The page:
If your name isn't Patrick Orioli the Super Tnr's real forte is the ability to demolish twisty, bumpy B roads. Perhaps it was designed with the average British road in mind it might well have been. The plush suspension absorbs all but the worst of craters letting the engine get on with laying the grunt down. This is where the Tnr scores over any of its road rivals.

With the rider peering over the tops of the hedges from his lofty observation post, straights between corners disappear as if they didn't exist like the bumps. It's the perfect position to be in to muscle the bike around and its A to B speed is the proof.

If it means anything to you, I managed to get from Windermere to Leeds City centre in an hour... in the wet. Had I been on anything else I would almost definitely have missed scrutineering, the reason for the rush.

(Forsyth, you're sick. Why did you need to get scrutineered in Leeds city centre?Ed). In this kind of against-the-clock rush the mirrors are very effective.

The roll-on top gear power is the sort of stuff that LC owners would and could only dream about. Keep the needle hovering around the 5,000 mark and simply point and squirt; great if you don't know the road.

 


It's probably a good thing but from about 95mph upwards it gradually begins to tie itself in knots. Long, fast sweeping corners are its pet hate. It's a cross between a wobble and a weave that gets more pronounced the faster you travel. It's probably not as dangerous as it looks, and it never gets totally out of shape, but it shouldn't do it at all. This is the late eighties, not the XS4100 period.

Still, it can sometimes be fun when the bike reaches its limitations before you reach yours. Know what I mean? And what would you expect from a 21 inch front wheel with a knobbly on and several miles of suspension travel? Bearing in mind its iffy 100+ handling this could be the ideal bike for those of you with heavily soiled licences (read bike journalists) or indeed those of you who have no wish to travel that fast anyway.

If you like to cruise at or around the speeds where you can get off with a telling off, the Tnr will be the ideal bike for motorway cruising. The fairing keeps most of the wind blast off and the riding position is supremely comfortable. The plastic hand guards even manage to keep hands relatively warm and dry.

 


It will cruise at an easy 90mph for 140 miles until it splutters on to reserve. It's comfortable enough not to need a bottom rest at the refuelling stop. The tank will take the biggest Baglux tank bag in existence and there's room for a huge stuffa bag on the carrier, though it's a pity there aren't any bungee points. On the long distance touring bike scale of one to ten it scores an admirable nine. It would have scored ten if there was more room for the pillion. If you're planning that long promised Ted Simon type holiday you couldn't do it on anything better.

The fact that the Tnr can scratch, tour and commute is mainly thanks to its engine. The rest of the bike just seems to have happened. The fairing panels have a nasty habit of vibrating against the tank at specific rev ranges and the convoluted right hand footrest assembly must have been designed by the apprentice. To clear the bulky exhaust system, the C shaped footrest hanger is placed under tremendous strain; our test bike started to bend its hanger and we only had it for two weeks. What would it look like after five years? What would it look like after neanderthal had taken it trail riding?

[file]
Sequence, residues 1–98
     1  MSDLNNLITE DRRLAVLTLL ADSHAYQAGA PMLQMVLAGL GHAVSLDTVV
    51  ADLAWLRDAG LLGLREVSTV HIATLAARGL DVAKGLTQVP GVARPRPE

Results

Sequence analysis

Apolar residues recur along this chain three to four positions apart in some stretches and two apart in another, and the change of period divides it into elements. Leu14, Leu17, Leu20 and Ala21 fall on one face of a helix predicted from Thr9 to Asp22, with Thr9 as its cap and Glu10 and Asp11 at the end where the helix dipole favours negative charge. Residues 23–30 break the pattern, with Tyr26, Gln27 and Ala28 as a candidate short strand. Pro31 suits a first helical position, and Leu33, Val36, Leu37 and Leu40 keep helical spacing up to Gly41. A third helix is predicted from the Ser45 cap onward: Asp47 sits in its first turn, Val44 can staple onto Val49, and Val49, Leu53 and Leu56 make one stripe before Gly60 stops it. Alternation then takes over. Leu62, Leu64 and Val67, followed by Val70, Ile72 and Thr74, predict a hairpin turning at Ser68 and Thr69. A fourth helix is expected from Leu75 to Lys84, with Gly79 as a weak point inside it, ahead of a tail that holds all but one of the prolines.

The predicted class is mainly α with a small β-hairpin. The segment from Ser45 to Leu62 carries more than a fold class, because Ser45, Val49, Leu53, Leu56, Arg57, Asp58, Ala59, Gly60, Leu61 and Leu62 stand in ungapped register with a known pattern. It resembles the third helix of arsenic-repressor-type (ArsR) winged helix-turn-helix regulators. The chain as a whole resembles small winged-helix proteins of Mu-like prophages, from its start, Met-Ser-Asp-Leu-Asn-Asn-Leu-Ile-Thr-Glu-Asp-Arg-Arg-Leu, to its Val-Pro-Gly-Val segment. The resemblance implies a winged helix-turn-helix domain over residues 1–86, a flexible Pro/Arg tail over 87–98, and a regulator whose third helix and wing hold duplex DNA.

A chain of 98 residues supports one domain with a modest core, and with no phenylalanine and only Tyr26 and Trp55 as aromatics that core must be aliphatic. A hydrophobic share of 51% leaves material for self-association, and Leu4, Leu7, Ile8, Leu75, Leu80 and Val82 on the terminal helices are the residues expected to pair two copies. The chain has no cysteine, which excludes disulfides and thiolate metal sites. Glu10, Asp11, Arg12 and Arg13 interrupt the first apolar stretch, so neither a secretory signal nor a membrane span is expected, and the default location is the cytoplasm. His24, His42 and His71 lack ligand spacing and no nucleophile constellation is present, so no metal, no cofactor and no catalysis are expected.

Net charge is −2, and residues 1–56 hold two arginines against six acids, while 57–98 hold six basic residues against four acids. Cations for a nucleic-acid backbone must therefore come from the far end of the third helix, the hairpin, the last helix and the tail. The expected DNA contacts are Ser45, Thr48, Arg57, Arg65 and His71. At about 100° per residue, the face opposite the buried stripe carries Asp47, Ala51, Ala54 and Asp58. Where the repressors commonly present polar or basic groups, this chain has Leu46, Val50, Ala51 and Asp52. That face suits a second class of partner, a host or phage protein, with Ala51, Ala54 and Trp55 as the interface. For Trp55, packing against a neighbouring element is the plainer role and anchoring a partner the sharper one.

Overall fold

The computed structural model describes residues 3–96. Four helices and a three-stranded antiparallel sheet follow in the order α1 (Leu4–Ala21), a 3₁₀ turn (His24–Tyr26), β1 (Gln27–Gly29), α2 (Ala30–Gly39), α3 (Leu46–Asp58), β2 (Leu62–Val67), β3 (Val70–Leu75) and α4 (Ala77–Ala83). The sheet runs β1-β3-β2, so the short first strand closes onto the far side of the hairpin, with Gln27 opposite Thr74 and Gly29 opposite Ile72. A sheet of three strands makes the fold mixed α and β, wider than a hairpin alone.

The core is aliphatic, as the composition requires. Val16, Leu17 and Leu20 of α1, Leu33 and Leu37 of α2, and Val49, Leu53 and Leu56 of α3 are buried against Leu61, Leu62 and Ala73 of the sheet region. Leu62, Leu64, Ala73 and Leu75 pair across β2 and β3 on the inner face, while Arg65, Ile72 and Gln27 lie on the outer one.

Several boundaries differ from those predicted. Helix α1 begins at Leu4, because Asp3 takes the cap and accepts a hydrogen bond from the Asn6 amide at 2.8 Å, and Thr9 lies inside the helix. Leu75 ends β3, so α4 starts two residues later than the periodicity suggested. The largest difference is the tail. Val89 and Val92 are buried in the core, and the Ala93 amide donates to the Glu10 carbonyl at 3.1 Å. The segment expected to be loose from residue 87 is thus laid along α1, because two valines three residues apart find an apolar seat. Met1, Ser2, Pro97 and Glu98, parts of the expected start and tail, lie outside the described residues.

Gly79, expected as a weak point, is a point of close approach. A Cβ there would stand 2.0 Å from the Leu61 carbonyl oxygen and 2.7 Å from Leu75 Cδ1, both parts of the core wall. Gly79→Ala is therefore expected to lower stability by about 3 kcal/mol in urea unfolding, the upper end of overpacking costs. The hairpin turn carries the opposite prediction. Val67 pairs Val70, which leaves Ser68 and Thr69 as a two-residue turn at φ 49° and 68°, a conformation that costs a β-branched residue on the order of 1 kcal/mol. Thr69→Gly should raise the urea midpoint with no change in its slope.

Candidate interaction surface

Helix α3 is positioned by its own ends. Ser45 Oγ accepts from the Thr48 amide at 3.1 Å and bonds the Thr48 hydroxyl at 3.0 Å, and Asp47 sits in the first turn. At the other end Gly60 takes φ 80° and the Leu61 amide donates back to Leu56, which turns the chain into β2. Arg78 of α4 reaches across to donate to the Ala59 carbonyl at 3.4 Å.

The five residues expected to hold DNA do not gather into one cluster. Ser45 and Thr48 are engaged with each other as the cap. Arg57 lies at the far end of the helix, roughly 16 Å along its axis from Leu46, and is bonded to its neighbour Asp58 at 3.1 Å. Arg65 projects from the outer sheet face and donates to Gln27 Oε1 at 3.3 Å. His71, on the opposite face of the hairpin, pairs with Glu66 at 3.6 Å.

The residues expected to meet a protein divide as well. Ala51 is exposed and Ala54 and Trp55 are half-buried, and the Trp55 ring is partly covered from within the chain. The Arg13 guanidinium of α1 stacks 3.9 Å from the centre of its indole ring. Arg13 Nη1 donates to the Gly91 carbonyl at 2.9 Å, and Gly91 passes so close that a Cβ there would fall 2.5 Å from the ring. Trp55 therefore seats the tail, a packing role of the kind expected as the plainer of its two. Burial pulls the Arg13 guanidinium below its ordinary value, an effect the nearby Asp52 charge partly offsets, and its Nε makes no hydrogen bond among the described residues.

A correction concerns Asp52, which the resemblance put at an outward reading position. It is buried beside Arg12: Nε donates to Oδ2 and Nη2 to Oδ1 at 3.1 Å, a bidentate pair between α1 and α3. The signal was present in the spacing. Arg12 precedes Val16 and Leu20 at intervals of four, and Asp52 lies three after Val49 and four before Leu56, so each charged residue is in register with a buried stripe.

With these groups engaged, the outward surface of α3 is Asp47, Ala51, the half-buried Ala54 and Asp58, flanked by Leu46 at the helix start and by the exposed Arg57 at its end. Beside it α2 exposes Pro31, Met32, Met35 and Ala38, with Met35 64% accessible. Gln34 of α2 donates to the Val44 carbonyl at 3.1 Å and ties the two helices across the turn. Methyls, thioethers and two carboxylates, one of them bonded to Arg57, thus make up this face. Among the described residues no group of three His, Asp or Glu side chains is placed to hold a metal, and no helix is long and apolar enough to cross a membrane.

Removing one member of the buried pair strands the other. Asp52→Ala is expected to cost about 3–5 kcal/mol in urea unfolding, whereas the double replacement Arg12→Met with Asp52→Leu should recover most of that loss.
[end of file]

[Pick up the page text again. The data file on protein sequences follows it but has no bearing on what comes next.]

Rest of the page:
Because the right hand footrest sticks out so much to clear the (steel) pipes it also grounds fairly easily, and in the space of a few months it would be possible to wear through the brake pedal completely. Finally, the said pedal it is placed in a position that means the foot presses on it all the time. Don't be surprised if you're following a Super Tnr and the brake light keeps flickering. Wonder how long the back pads will last?

Another oddity of the Tnr layout is its peculiar behaviour under braking. Under fast cornering, especially right handers, Ground Clearance is already limited; try applying the front brake (the back brake is already redundant because it's an inch off the floor) and the fork dive uses up all the rest of the Ground Clearance. It does at least quicken up the steering, but beware the pillion headbutt.

Front brake action is a bit spongy, probably caused by having yards of un-braided rubber hose between the master cylinder and front calipers, and under extreme conditions two fingered braking is out of the question because the lever almost comes back to the bars. But the twin two piston calipers are as much as the forks can physically cope with.

Such shortfalls are common to any trail bike. It's the fact that it'll never be a trail bike that makes them seem even more pointless and ridiculous. Spondon and Harris are already working on alloy chassis kits for the ten valve motors and Yamaha are rumoured to be bringing out a sports bike using the same engine. If it weighs about the same as an FZR600 and handles and stops as well they should be on to a winner.

As it is, if you are struck by the styling of the Super Tnr and want a bike that does most things admirably without , putting your licence in jeopardy, you'll get on fine together. Me? I think Yamaha could have built a better all rounder by ditching the knobbly tyres and 21 inch front wheel. How about a Super Moto replica instead.